Paul Shannon 17 June 2014

Thinking strategically about infrastructure costs

Thinking strategically about infrastructure costs image

Austerity is here to stay, even as the economy grows councils are having to keep tight leash on spending, while proactively looking for efficiency improvements. At the same time, the digital by default agenda has thrown new pressure on local authority IT teams.

This has been one of the main drivers which has led to more local authorities opting for cloud-based managed service agreements - where they offload the day-to-day management of their IT to a partner.

Not only can this model help to reduce the costs associated with investing in and maintaining their own server equipment, but it can also free up the time of IT teams to concentrate on delivering and enhancing digital services for citizens.

However, before the economic downturn, many councils were less reluctant to invest in their own IT infrastructure – with some even going so far as to acquire their own datacentres. For those that did, the cost of maintaining equipment and up-time in a climate of austerity and service transformation presents a significant challenge.

Thankfully some fantastic examples of lateral thinking are emerging, which suggest that for some authorities, the investments they previously made could hold the key to new revenue streams.

Cloud computing is based around services like data back-up, disaster recovery or mobile working being securely hosted on an off-site server. Where councils already have datacentres in place they could market spare capacity to other public organisations, forming their own shared service agreements, or even small businesses based in the local area.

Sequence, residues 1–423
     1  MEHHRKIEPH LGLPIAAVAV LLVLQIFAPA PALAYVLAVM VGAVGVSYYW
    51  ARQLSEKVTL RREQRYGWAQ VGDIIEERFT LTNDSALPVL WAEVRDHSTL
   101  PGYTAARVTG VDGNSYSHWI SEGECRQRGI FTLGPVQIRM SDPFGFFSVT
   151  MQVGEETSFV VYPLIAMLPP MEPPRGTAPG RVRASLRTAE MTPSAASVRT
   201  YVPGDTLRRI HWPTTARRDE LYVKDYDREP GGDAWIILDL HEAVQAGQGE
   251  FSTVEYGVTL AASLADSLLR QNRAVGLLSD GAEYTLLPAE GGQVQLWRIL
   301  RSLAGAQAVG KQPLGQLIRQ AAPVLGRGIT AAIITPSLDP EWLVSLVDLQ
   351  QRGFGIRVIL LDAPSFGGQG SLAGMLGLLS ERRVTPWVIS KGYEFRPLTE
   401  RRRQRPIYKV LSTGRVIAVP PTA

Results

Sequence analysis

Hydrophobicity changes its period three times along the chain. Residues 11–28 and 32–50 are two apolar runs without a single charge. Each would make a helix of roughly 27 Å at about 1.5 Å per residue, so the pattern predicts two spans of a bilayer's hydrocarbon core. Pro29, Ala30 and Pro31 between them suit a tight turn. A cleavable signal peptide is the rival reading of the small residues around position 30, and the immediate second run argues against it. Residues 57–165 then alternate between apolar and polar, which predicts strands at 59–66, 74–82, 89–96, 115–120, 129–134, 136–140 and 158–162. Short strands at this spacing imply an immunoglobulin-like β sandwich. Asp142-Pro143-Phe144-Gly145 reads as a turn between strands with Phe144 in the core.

This is a model which we’ve helped Salford City Council to put in place. By assisting the council to structure its datacentre more efficiently, Salford has cut its back-office costs and been able to focus on freeing-up capacity and marketing it as a pay as you go service for local businesses – effectively acting like a micro version of a commercial cloud provider, like amazon or google. The end user SMEs have gained access to a level of flexible and secure cloud-based IT that may have been cost-prohibitive to invest in themselves, while the council has opened up a new source of revenue.

As authorities continue to embrace digital by default, IT equipment will be a necessary investment for many. Hopefully, projects like Salford City Council’s demonstrate that strategic spend and lateral thinking can mean that the delivery of better, digital public services does not need to come at a premium.

Paul Shannon is managed services MD at IT infrastructure specialist ANS

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